Thursday, April 25, 2013

LA Times Festival of Books: The bad, the worse, and the butt-ugly

By Gayle Carline
-Author of Mysteries and Humor (often the humor is a mystery)

I'm composing this post semi-blind, as I'm piggybacking off Jenny's post about the lovely time she had at the Los Angeles Times Festival of Books last weekend. It is a book lover's Nirvana, set on the very prestigious USC (although old and can I just say a little shabby?) campus over two days. I'm imagining Jenny discussing the weather and the people and how spanking fine it all was, and if you could actually hear her talk about it, you'd hear a darling English accent that would melt your heart, even if she does write about cold-blooded killers.

Writing humor as I do, the natural thing for me to do is to write about the dark side. So here's my list of what not to do at a book festival:

1. If you are a writer and are sharing a booth with other writers, do not hog the potential buyers. Share the love. Our booth did not have that problem. I did, however, hear of one fairly well-known author who likes to stand in front of the other authors at signing areas to hawk her wares. The other authors do not appreciate this.

2. If you are a reader/buyer, do not stand at a booth and tell us your life story, then walk away without purchasing anything, or even picking up a bookmark. We care, really we do, but we're here to sell books. If you stand there for 5 minutes, you need to pick up a bookmark. Forty-five minutes, you need to buy something, Mister.

3. If you are a writer and do not write erotica, do not engage people in conversations about Fifty Shades of Grey (this is something I learned at the Duarte Festival of Authors). They will tell you personal stories that will make your hair stand on end and dance around. Of course, if you are a male writer, they may make something else stand on end. Either way, don't suggest other erotica they might enjoy. Just smile and nod and ask if they'd like a bookmark.

4. If you are a reader/buyer, do not try to sell YOUR book to the writers. That's not the way this works. We bought space at the venue to specifically sell our books. Wandering around willy-nilly with a backpack of self-pubbed books of dubious quality is improper. If you force us to take your card, we'll file it away in our "Classless" pile and we won't invite you to our tea parties, or introduce you to our agents.

5. If you are a writer, be warm and engaging and gracious. Talk to everyone, even if some of them are loony as toons. We met plenty of crazies this weekend. One of them in particular I remembered from the last time. I'm guessing some of them are on the autism spectrum and are doing the best they can. You don't have to invite them home, but be kind.

6. If you are a reader/buyer OR a writer, check your outfit before you leave the restroom. Open flies and skirts tucked into panties are NOT what anyone wants to see. I'm pretty sure I saw some tattoos that were meant for private viewing.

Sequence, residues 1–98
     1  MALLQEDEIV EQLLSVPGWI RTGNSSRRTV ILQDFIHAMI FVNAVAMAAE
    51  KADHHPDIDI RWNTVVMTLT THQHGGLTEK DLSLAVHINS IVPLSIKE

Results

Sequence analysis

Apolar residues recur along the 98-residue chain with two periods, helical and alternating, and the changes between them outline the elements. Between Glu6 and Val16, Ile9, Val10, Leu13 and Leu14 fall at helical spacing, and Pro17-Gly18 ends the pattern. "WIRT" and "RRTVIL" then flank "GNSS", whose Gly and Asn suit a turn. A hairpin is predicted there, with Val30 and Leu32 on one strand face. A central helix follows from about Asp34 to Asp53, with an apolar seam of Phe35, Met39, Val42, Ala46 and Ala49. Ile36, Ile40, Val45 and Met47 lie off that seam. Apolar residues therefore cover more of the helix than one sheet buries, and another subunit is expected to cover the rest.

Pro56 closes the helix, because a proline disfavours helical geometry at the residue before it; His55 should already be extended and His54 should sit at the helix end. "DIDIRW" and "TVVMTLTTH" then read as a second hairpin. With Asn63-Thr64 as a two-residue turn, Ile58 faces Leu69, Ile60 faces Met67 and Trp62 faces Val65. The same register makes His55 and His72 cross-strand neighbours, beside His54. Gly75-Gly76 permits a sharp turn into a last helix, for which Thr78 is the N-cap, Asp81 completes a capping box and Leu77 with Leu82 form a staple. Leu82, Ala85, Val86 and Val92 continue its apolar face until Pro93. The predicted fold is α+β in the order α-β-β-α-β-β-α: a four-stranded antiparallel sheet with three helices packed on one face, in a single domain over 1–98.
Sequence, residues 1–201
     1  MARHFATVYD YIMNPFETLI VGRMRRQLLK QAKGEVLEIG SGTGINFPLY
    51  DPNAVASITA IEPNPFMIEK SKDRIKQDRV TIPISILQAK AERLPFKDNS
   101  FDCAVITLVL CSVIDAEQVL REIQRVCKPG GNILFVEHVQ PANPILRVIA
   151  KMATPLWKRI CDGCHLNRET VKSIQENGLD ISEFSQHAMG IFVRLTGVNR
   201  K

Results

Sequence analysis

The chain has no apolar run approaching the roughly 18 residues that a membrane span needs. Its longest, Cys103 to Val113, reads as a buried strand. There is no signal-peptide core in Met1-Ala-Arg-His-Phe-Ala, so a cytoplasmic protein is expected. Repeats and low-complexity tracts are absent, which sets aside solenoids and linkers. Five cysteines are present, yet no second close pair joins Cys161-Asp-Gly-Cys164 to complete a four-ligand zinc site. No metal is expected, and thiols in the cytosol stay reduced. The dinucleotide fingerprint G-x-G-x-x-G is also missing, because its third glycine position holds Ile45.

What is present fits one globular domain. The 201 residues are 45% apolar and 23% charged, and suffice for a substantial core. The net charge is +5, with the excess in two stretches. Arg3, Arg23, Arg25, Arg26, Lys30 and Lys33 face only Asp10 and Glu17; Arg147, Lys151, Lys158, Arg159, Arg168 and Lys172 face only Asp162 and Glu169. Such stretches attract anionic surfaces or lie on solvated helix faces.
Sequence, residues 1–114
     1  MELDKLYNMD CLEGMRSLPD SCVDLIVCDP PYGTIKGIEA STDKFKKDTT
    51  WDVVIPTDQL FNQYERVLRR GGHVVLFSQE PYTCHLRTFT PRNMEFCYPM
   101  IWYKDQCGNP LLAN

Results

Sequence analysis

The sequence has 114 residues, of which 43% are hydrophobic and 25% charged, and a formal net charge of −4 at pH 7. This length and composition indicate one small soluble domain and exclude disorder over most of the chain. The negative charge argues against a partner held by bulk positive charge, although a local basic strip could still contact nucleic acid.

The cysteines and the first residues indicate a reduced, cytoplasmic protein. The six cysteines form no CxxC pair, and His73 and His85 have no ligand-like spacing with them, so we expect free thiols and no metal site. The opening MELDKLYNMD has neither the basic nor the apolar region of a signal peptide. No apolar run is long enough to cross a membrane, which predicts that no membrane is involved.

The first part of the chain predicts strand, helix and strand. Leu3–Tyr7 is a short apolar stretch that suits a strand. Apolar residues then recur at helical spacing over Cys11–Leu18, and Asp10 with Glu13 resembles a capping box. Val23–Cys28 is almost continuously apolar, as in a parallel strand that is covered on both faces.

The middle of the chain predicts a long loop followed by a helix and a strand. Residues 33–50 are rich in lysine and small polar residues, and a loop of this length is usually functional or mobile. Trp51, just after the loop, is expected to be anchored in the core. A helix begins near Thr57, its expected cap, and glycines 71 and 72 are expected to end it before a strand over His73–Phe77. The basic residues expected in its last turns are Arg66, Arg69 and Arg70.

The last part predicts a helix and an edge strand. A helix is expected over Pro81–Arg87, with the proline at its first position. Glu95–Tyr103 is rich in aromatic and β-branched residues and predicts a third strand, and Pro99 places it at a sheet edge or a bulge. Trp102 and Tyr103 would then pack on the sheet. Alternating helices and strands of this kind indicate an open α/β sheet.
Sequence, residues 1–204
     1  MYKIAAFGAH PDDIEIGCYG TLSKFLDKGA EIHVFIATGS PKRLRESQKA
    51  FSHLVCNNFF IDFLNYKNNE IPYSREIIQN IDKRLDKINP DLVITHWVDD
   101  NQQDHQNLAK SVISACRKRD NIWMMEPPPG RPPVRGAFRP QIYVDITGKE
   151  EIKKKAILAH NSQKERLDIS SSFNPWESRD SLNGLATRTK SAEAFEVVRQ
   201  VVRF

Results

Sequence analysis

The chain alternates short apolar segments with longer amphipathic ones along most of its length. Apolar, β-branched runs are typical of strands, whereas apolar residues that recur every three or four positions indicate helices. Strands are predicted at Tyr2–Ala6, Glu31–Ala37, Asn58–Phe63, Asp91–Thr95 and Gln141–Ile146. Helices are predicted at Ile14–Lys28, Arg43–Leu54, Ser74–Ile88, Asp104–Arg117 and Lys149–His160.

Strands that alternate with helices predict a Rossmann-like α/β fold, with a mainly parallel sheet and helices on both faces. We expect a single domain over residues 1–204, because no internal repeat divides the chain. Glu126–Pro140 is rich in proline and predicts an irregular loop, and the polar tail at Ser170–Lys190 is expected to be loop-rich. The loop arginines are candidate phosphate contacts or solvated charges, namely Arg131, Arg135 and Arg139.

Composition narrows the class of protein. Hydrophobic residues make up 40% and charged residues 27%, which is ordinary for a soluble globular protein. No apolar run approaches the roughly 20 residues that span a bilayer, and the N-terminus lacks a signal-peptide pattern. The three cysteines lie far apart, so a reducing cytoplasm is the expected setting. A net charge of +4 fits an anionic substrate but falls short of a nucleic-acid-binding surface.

7. Always be yourself. Unless you can be the Queen of Humor Mysteries. Then be the Queen. Of anything.


  1. Another fun post from you! One of these days I will take part in a book festival. Maybe several. I'll try and be kind and classy and unhoggy.

    No guarantees about the outfit arrangement or the erotica. Could be they go hand-in-hand (so to speak).

  2. Thank you, Miss Manners. These rules should be posted at the entrance to book fairs.

  3. Love it! Another highly entertaining read from Gayle Carline, with lots of excellent pointers thrown in. Thanks for picking up my day right from the start!

  4. You crack me up, Gayle. I'm wondering, did you happen to get any of the, "Hey, I've got a book in my head I've been wanting to write for a long time. Wanna hear it? Maybe you can even write it." comments? And before you can squeeze in a word, they proceed to tell you. For a long time. And don't take a bookmark.

  5. Thanks for the morning chuckle, Gayle. Events like this do provide an interesting glimpse of humanity, don't they?

  6. Diane Vallere and I rolled our eyes at each other when one reader gushed at us (with tears in her eyes) about how wonderful it was to meet REAL writers. We recalled later how we had both gushed at meeting a REAL writer we admired, in my case T.Jefferson Parker. I cringe remembering how I embarrassed myself.

  7. We really did get the 45 minute dude, who didn't even look at the bookmarks, let alone pick one up, and we did see a little more than we wanted to of one particular visitor who forgot to check if her skirt was caught up in her undies (which it was). You're right, Marlyn - people are interesting

  8. Darn! I missed the skirt check? Maybe I saw it and just thought it was the new guys pants that hang down around their knees. Wouldn't that be an interesting pair? Her up, him down. So to speak...


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